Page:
Hydrocephalus

  1. Temporary or permanent cerebrospinal fluid diversion
  2. Ventriculostomy

Seizures

Prophylactic anticonvulsants (not recommended for routine long-term use without specific risk factors)

Hyponatremia

  1. Avoidance of large volumes of hypotonic fluids and intravascular volume contraction
  2. Monitoring of volume status
  3. Fludrocortisone acetate and hypertonic saline
  4. Reduction of fluid administration in some instances
Major Outcomes Considered
  • Morbidity and mortality associated with aneurysmal subarachnoid hemorrhage (SAH)
  • Sensitivity and specificity of diagnostic procedures
  • Rate and severity of aneurysmal SAH
  • Rate of rebleeding/recurrence
  • Treatment complications
  • Changes in neurological status tests
  • Duration of hospitalization and intensive care unit stays
  • Destination at discharge
  • Cause and time to death
  • Rate of detection of second aneurysm

Methodology

Methods Used to Collect/Select the Evidence
Searches of Electronic Databases
Description of Methods Used to Collect/Select the Evidence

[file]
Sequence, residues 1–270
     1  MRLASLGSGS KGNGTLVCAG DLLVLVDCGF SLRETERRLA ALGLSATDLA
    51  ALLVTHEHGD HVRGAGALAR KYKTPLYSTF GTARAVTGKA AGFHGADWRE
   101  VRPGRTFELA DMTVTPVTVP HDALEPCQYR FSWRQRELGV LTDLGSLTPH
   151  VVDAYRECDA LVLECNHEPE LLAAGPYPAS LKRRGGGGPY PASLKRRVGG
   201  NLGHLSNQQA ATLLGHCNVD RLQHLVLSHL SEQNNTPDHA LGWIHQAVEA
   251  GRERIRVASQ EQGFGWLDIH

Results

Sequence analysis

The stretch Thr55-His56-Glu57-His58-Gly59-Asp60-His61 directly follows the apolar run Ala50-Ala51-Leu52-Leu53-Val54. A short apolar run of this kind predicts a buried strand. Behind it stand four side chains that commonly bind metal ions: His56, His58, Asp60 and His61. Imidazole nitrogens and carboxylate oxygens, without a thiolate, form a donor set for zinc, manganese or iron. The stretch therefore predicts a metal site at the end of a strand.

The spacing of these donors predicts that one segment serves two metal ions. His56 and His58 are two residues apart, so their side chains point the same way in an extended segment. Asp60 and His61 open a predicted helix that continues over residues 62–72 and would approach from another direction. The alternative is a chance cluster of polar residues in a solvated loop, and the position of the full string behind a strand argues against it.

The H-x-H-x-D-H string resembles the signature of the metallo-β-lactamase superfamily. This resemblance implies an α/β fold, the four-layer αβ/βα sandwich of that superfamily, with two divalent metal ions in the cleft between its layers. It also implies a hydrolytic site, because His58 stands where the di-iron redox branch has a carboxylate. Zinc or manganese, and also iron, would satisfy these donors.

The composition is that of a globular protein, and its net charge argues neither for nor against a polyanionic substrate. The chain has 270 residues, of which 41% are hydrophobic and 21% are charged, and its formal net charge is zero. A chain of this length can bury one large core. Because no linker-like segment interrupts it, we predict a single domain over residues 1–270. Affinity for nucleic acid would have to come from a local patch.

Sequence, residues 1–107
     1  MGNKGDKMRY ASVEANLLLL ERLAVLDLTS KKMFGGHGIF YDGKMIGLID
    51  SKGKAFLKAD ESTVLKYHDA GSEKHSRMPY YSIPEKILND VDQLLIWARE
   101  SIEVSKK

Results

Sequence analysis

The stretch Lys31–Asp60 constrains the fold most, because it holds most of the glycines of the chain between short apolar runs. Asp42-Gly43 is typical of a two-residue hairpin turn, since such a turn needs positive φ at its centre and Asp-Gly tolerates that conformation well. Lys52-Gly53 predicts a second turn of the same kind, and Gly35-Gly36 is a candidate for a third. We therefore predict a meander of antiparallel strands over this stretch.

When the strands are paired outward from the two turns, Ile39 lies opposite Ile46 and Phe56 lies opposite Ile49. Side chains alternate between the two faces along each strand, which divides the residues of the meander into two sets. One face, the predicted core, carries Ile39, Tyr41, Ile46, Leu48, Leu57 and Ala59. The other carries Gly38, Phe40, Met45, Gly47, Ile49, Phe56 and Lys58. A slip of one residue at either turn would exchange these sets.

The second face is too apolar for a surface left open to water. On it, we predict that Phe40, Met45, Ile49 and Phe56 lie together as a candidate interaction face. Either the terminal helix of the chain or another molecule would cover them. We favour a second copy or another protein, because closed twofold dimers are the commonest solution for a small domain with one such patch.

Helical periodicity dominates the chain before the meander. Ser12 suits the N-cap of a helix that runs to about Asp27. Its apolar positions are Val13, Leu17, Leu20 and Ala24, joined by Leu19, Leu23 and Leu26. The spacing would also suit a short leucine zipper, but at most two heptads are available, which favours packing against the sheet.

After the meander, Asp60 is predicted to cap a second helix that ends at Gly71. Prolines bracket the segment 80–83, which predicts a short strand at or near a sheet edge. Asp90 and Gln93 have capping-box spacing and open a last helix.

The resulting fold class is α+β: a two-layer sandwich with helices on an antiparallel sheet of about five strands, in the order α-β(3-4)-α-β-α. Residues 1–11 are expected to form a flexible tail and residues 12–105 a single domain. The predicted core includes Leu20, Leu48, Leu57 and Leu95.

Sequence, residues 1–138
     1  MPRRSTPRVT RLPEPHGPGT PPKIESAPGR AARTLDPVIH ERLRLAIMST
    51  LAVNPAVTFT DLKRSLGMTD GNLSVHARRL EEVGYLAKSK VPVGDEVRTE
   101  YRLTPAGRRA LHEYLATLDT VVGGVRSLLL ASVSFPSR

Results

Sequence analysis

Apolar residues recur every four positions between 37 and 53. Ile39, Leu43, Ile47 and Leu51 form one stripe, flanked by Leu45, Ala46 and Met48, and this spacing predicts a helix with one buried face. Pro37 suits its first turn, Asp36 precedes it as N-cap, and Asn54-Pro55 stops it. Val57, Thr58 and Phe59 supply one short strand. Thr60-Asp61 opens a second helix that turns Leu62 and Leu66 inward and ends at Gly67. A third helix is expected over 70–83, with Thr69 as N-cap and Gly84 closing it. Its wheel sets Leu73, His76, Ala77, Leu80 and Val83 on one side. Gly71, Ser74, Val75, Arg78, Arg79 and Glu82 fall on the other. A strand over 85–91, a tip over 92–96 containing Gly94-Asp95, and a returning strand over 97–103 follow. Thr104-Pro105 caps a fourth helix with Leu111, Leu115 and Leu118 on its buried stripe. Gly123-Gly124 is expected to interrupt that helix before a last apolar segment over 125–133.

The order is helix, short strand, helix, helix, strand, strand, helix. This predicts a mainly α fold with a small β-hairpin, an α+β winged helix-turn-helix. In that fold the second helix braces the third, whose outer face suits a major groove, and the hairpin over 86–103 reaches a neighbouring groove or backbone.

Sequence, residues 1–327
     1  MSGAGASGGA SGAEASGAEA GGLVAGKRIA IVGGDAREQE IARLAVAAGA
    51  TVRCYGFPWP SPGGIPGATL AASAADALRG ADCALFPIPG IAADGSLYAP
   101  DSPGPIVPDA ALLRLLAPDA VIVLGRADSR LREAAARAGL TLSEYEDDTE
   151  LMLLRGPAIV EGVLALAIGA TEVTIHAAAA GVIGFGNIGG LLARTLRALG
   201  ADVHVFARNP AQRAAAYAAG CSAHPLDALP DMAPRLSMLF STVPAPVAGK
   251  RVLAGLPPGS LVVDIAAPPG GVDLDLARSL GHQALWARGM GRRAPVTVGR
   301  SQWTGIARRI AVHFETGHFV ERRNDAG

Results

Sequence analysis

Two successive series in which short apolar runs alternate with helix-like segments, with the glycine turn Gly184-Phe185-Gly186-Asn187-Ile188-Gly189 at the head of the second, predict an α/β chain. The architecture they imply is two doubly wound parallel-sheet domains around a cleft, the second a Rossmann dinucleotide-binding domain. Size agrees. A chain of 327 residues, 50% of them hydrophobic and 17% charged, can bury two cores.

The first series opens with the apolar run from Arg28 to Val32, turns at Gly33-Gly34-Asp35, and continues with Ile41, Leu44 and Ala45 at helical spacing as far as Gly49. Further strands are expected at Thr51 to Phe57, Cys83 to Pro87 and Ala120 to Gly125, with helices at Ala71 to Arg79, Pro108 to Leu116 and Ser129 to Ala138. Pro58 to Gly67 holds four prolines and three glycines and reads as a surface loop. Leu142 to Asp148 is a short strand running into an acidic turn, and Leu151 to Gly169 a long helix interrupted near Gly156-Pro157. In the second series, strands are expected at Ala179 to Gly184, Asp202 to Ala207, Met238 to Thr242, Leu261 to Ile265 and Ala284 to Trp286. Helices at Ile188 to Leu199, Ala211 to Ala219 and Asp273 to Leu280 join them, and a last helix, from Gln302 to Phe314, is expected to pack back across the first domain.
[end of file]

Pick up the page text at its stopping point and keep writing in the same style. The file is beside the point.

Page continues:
In an effort to update recommendations (prepared in 1994), a systematic literature review was conducted based on a search of MEDLINE to identify all relevant randomized clinical trials published between June 30, 1994, and November 1, 2006 (search terms: subarachnoid hemorrhage, cerebral aneurysm, trial; see Table 1 the original guideline document). Each identified article was reviewed by at least 2 members of the writing group. Selected articles had to meet one of the following criteria to be included: randomized trial or nonrandomized concurrent cohort study. Case series and nonrandomized historical cohort studies were reviewed if no studies with a higher level of evidence were available for a particular topic covered in the initial guidelines. These were chosen on the basis of sample size and the relevance of the particular studies to subjects that were covered in the initial guidelines.

Number of Source Documents

Not stated

Methods Used to Assess the Quality and Strength of the Evidence
Weighting According to a Rating Scheme (Scheme Given)
Rating Scheme for the Strength of the Evidence

Levels of Evidence

Therapeutic Recommendations

Level of Evidence A: Data derived from multiple randomized clinical trials

Level of Evidence B: Data derived from a single randomized trial or nonrandomized studies

Level of Evidence C: Consensus opinion of experts

Diagnostic/Prognostic Recommendations

Level of Evidence A: Data derived from multiple prospective cohort studies using a reference standard applied by a masked evaluator

Level of Evidence B: Data derived from a single grade A study or ≥1 case-control studies or studies using a reference standard applied by an unmasked evaluator